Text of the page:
#DemDebate: Meet your players
All information written by The Times-Delphic’s political columnist John Wingert
Perhaps no other candidate in the entire 2016 field is as well-known as Hillary Clinton. Her experiences as first lady, senator from New York and Secretary of State were seen as her main selling points to the American people going into the 2016 race, but these experiences also seem to make her a member of the “establishment” that voters seem to have rebelled against in favor of candidates like Donald Trump, Ben Carson, Carly Fiorina and, debatably, Bernie Sanders.
That being said, Clinton remains the strong frontrunner for the Democratic nomination, especially after Vice President Joe Biden declined to run for President. The withdrawal of Lincoln Chafee and Jim Webb, who were presenting challenges for the center-left electorate, also did not hurt her candidacy.
So far, in the 2016 Democratic nomination process, Bernie Sanders has presented the key challenge to Hillary Clinton. Although Joe Biden polled well before deciding not to run, Sanders was for a time able to capture the plurality of Democratic support in Iowa and New Hampshire.
However, after Clinton’s exemplary debate performance, his refusal to attack her on her e-mail scandal and Clinton’s widely applauded performance in front of the Benghazi Select Committee, Sanders has seen his polling advantage wane almost everywhere. That being said, Sanders is stridently focused on the issues, particularly income and power inequalities.
The former governor of Maryland and former mayor of Baltimore, Martin O’Malley has languished in poor poll numbers for months. Most of his time and energy has been spent in Iowa to try and make an impression that will win him the first-in-the-nation caucus and provide him the show of viability he will need to proceed to the nomination.
Besides campaigning in Iowa, O’Malley has put forward several detailed policy proposals to prove his policy chops for the federal level and has showcased his performance abilities as a front man for an Irish rock band.
Discover Democratic candidates’ positions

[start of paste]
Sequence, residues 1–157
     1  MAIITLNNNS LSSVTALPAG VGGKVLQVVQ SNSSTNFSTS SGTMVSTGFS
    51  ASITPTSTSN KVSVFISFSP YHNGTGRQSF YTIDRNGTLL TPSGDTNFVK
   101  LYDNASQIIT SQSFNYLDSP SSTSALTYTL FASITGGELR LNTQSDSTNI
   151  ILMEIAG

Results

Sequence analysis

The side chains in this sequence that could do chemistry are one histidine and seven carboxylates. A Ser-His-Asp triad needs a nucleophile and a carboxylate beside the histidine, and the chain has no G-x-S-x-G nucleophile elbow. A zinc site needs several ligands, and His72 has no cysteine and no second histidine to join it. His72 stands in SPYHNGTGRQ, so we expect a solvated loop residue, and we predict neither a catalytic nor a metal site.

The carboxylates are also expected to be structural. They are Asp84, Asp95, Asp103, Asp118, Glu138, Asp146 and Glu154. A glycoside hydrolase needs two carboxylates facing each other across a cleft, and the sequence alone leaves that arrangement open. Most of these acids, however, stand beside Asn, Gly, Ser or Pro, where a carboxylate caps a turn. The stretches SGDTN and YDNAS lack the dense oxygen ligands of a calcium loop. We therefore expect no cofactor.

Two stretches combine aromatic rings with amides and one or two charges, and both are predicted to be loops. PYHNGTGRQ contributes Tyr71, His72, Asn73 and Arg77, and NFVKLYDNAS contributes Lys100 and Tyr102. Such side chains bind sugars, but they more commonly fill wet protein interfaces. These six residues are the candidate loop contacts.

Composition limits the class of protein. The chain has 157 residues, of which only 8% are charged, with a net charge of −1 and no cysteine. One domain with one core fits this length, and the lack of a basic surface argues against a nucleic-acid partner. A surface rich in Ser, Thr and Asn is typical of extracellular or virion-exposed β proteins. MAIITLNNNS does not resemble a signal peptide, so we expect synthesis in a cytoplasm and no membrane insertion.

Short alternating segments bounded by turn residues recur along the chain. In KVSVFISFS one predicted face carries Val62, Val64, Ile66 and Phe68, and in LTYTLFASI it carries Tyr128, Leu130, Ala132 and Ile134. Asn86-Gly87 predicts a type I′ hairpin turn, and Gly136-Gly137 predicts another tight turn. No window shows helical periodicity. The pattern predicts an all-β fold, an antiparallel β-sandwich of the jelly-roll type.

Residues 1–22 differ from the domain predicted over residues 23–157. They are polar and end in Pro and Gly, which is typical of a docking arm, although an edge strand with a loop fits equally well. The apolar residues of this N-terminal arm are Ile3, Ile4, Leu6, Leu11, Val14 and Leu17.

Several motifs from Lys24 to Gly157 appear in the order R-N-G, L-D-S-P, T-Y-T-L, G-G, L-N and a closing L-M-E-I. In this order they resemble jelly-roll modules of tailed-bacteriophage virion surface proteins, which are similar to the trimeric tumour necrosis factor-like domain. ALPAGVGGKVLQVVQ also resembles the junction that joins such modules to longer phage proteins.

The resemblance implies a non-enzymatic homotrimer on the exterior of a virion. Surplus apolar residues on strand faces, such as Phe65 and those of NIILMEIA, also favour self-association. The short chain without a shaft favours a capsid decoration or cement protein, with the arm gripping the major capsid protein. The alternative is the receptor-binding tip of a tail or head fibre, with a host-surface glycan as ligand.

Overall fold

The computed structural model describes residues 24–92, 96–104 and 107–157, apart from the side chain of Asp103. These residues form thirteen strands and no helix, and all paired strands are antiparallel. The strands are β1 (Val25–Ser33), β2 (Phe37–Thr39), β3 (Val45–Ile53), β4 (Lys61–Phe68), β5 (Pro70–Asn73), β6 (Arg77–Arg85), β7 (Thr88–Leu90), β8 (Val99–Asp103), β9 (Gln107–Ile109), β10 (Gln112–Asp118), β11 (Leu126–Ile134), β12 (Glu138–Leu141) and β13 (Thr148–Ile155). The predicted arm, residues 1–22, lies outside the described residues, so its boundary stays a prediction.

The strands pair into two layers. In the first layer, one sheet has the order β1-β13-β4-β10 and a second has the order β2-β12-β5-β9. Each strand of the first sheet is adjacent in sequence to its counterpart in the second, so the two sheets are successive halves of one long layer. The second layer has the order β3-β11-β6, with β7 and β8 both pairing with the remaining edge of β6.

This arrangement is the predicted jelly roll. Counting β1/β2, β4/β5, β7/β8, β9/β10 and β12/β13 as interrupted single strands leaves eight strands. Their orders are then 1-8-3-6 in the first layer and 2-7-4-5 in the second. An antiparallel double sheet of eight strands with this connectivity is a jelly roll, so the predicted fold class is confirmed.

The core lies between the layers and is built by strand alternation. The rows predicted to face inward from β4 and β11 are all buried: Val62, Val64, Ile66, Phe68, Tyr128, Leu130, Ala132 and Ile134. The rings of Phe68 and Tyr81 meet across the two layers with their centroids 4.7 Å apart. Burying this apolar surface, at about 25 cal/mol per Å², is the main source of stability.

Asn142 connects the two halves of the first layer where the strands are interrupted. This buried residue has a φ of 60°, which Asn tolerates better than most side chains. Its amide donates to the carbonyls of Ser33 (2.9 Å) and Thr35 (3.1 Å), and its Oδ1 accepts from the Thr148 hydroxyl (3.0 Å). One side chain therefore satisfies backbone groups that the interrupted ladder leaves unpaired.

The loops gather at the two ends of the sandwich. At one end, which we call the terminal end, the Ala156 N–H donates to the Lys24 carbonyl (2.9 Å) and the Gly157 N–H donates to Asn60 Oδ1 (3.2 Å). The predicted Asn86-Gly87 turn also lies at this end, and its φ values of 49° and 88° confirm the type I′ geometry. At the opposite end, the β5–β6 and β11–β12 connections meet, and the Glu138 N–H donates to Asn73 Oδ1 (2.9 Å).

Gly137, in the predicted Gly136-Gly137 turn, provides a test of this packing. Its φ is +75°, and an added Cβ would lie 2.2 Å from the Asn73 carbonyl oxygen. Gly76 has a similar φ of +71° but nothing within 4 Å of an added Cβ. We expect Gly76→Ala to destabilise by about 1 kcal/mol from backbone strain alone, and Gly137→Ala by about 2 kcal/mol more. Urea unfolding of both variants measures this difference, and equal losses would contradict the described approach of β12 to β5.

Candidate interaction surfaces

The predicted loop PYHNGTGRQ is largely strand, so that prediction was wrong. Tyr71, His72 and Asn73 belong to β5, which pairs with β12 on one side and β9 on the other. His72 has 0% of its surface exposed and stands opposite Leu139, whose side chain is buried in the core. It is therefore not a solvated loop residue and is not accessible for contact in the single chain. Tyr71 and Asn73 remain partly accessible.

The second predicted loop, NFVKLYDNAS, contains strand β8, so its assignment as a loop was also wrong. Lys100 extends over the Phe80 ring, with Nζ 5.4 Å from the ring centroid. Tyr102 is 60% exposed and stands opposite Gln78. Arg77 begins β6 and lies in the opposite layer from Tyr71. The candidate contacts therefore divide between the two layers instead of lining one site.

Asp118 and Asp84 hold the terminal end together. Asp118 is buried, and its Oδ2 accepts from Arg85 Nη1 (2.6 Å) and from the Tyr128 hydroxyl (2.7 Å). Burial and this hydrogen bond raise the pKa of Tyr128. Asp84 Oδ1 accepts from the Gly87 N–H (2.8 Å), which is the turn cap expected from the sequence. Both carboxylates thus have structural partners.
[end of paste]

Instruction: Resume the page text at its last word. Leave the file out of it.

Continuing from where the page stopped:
CLINTON: In her 2016 campaign, Clinton has promised to reduce discriminatory practices against non-heterosexual or gender-nonconforming individuals in the workplace and abroad. As early as 1999, Clinton voiced vociferous support for the Defense of Marriage Act which defined marriage as a union of one man and one woman. In 2000, Hillary Clinton declared, “Marriage has got historic, religious, and moral content that goes back to the beginning of time, and I think a marriage is as marriage has always been, between a man and a woman.”
SANDERS: Senator Sanders is a co-sponsor of the Equality Act, which would prohibit discrimination of LGBT individuals in the workplace. He also wants to ensure the health programs of the Department of Health and Human Services are adequately prepared to handle the needs of transgender individuals. Discrimination and bias can also be reduced, he claims, with new programs aimed at police departments, schools and banking. In 1993, Sanders voted against the “Don’t Ask, Don’t Tell” policy, and Sanders voted against the Defense of Marriage Act in 1996.
O’MALLEY: Martin O’Malley has supported equality of same-sex marriages for several years. In 2010, he blocked an amendment to prevent same-sex marriage in Maryland, and then in 2012 supported legislation allowing same-sex marriage in his state. During his 2006 gubernatorial campaign, O’Malley would not go so far as supporting same-sex marriage, but instead, he only supported civil unions at the time.
CLINTON: On the issue of college education costs, Clinton has suggested decreasing the costs, but to do this she proposes several things. Some of her suggestions include cutting interest rates on federal student loans and expanding federal work study programs, but her ultimate goal is landing on a solution that would allow students not to borrow to pay for public colleges.